Why this Bangladeshi father is glad he learned to talk to his daughters about menstruation

Story: Rimi Chakma, Master Trainer at Bangladesh Nari Progati Sangha (BNPS), Bangladesh

Priyo Sankar took part in various sessions organised by the Our Lives, Our Health, Our Futures programme. He learned vital information about the health of his daughters.

Girls in Khagrachari, Bangladesh, during a session organised as part of the Our Lives, Our Health, Our Futures programme.

Priyo Sankar Chakma (42) lives with his wife and two daughters in the village of Hubbang Tega in Bangladesh and makes his living from farming. Being illiterate himself, he is very proud that his daughters, age 14 and 10, attend school and are currently in classes 8 and 5. The girls are also members of the Hubbang Bajar Para Girls Club, along with other girls from the village. This girls club (one of 842 in the region) is one of the outcomes of Simavi's Our Lives, Our Health, Our Futures programme funded by the EU. This programme promotes gender equality and empowers women and girls in an area of conflict and patriarchal social structures.

Knowledge of menstruation and concerns over abdominal pain

As a father, Priyo Sankar had the opportunity to participate in several sessions of the girls' club. One of these sessions was about menstruation. "I learned that menstruation is a normal process for a woman, that it comes back every month and that it is very important to stay neat and clean and eat healthy during menstruation. In addition, I learned that abdominal pain is normal during menstruation, but sometimes the pain can become extreme with excessive bleeding. If that happens, it is necessary to contact the health clinic and consult with a healthcare professional."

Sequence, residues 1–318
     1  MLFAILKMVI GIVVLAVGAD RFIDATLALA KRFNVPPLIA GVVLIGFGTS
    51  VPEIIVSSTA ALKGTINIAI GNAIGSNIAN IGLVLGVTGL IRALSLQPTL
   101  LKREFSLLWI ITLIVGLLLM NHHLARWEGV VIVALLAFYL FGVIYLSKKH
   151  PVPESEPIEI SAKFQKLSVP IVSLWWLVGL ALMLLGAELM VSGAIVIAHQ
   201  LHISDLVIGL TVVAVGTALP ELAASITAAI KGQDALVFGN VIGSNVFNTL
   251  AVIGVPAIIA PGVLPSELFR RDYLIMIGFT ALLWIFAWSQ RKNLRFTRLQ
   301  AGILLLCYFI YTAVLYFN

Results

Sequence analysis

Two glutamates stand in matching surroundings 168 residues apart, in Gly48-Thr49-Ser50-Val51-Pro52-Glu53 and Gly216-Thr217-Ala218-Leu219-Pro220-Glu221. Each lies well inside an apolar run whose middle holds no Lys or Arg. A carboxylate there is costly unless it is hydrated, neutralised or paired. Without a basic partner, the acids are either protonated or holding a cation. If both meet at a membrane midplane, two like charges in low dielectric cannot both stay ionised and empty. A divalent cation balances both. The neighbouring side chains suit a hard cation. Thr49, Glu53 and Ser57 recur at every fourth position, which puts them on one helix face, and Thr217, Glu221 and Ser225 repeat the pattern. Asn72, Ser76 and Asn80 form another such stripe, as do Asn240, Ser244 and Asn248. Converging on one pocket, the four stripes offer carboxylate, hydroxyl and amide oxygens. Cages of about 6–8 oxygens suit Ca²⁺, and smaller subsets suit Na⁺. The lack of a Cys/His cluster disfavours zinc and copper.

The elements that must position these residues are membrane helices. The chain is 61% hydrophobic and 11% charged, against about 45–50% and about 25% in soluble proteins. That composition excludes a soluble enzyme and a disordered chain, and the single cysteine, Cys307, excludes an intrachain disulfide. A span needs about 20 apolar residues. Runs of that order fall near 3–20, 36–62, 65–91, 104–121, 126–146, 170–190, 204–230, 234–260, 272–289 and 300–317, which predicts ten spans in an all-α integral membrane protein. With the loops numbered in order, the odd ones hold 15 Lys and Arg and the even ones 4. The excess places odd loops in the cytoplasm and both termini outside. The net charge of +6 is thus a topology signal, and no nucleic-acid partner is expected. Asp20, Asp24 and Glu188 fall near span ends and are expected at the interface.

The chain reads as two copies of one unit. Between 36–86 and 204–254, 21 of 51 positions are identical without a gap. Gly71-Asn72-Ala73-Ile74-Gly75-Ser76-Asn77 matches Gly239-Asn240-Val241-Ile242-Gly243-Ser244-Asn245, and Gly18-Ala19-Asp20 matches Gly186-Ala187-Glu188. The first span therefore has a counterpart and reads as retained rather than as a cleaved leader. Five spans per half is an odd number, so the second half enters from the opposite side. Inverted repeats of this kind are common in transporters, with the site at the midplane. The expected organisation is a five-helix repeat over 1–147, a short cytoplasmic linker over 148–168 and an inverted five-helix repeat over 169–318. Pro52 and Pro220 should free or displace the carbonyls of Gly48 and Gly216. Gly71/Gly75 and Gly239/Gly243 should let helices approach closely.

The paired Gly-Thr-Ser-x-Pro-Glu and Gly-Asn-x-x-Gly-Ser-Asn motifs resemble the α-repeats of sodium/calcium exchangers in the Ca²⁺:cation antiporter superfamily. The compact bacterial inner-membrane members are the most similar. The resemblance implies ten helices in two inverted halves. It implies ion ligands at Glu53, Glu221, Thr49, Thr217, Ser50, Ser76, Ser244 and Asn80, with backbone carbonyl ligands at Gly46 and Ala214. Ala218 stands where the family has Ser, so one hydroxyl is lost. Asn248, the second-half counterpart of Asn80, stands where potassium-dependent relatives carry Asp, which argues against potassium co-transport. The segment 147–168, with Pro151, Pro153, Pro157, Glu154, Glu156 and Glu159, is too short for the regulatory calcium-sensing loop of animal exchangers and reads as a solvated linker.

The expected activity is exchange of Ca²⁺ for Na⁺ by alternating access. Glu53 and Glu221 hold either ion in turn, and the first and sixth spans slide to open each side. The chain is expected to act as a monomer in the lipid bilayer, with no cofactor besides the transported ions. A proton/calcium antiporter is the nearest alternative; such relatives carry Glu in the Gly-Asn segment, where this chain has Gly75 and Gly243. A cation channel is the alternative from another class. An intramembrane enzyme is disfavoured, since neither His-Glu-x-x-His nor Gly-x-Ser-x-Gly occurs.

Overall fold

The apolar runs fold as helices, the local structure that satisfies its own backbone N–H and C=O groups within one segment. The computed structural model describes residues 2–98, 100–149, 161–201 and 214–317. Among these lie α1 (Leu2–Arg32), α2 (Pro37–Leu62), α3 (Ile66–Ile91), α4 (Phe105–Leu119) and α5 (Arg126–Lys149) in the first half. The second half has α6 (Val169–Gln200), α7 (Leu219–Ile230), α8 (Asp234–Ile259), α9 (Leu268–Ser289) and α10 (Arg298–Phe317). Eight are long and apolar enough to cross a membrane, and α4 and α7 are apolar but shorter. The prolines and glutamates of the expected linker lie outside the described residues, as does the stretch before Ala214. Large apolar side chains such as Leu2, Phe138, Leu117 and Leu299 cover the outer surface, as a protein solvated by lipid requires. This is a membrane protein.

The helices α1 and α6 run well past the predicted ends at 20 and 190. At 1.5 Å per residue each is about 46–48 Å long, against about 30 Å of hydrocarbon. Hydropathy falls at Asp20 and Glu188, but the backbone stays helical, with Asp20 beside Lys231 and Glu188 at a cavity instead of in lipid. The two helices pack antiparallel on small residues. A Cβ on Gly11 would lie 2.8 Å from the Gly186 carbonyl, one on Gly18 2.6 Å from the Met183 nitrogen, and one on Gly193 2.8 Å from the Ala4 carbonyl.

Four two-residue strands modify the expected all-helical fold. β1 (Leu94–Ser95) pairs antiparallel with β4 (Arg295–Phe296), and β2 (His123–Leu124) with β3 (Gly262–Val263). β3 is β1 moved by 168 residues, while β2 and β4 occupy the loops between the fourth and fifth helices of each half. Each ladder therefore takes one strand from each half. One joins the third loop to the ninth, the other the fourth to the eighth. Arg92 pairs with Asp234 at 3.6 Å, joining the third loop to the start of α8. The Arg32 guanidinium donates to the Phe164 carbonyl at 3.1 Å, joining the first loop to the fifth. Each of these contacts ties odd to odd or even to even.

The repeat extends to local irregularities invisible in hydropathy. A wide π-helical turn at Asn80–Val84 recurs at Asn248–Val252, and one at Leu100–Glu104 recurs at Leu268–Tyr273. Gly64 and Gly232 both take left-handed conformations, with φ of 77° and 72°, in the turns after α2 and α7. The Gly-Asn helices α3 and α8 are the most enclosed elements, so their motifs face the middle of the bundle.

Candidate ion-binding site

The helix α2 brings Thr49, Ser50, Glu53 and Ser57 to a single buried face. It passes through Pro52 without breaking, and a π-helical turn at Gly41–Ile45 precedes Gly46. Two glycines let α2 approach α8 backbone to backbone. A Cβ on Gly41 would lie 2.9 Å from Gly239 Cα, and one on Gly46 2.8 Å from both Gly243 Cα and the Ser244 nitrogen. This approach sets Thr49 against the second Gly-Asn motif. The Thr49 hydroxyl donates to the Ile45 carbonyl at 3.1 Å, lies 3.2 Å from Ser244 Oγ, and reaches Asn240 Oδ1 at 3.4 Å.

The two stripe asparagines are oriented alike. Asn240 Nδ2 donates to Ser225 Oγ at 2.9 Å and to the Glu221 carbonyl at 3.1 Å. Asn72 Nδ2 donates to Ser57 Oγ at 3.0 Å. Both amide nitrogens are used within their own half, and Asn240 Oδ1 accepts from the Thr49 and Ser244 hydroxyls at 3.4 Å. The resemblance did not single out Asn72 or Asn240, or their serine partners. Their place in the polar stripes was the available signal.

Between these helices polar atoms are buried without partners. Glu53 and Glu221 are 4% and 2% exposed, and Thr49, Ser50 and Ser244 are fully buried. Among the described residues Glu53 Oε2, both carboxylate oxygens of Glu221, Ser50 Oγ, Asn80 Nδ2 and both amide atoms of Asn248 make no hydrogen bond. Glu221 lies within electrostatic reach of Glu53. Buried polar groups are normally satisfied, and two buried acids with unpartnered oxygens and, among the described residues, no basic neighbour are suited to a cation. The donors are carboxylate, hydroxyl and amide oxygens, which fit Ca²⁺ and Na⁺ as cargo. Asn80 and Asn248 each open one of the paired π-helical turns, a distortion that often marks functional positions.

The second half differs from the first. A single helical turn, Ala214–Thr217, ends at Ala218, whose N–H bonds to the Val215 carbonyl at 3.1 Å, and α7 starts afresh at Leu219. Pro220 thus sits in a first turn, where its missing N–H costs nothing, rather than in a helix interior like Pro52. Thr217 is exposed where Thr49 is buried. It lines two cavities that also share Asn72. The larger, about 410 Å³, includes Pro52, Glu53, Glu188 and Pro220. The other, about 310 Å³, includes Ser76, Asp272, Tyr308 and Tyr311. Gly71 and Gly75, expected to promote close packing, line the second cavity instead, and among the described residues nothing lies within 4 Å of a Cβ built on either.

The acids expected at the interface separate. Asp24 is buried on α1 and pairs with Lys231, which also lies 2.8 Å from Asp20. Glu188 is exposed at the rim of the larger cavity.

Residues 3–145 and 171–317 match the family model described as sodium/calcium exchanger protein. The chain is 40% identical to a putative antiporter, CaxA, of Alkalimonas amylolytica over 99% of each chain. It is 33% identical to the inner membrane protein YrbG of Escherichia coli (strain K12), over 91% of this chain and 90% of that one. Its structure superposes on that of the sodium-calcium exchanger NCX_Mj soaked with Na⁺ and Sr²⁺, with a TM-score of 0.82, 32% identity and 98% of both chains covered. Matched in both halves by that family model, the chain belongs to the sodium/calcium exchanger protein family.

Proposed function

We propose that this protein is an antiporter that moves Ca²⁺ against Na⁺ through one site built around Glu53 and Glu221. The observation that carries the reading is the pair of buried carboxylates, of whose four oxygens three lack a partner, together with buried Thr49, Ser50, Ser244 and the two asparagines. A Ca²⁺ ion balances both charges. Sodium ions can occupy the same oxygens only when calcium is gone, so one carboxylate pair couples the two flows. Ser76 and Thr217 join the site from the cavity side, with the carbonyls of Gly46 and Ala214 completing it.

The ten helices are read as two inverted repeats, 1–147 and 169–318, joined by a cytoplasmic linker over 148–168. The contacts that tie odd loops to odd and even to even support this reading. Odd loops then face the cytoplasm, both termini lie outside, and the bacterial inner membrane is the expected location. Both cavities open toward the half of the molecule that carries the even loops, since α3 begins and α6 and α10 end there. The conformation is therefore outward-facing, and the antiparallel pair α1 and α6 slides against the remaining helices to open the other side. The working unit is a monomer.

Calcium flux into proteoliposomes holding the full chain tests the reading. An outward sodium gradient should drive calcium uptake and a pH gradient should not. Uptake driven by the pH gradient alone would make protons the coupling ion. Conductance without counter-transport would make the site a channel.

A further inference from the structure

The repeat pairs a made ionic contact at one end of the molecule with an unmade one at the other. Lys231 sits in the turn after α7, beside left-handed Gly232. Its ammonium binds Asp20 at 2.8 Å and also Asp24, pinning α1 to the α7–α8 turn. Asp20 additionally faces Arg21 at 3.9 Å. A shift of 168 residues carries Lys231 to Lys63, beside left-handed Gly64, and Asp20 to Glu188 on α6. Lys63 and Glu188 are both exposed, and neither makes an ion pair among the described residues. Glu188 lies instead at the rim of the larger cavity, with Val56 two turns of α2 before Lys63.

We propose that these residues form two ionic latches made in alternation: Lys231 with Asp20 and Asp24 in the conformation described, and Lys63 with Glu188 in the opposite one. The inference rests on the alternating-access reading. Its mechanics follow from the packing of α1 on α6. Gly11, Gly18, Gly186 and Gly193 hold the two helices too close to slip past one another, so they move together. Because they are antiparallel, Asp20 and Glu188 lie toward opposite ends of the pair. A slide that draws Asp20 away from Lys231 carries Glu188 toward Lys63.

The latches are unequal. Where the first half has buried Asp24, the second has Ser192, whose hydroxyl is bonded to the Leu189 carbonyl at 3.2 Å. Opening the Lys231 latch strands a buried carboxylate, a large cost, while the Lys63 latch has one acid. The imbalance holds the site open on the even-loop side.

"My oldest daughter is often absent from school five to six days a month because of abdominal pain. I thought this was normal and my wife never said anything about it." Due to the sessions he took at the girls’ club, he realised that his oldest daughter could have serious health problems if her abdominal pain was so severe. "So I discussed this with my wife and asked my oldest daughter about her condition. She told me, 'Yes, father, I sometimes feel extreme pain in my abdomen during my period. That is why I am often absent from school."

Misconceptions and superstitions debunked

After listening to his daughter, he immediately took her to a health centre and consulted with the doctor here about her condition. "All these years I thought that menstruation was something private for women and that it did not need to be discussed with men. That drying washed pads should be done out of sight and that if a man touches a woman's menstrual products, it brings bad luck. But after the menstruation sessions at the girls' club, I realised that these beliefs are misconceptions and superstitions."

After consulting with a healthcare worker, Priyo Sankar obtained medicine for his eldest daughter from the clinic. "I also bought healthy and nutritious food for my daughter. After a few days, her stomach pain receded and she felt good about her health. This was a great experience and I have learned many new things about menstruation."

"I love my two daughters very much. I didn't get the chance to study when I was very young. But I want my daughters to be well educated and have a good and prosperous life in the future. So I encourage them to study hard and talk to me when there are physical problems."

Esther Oeganda

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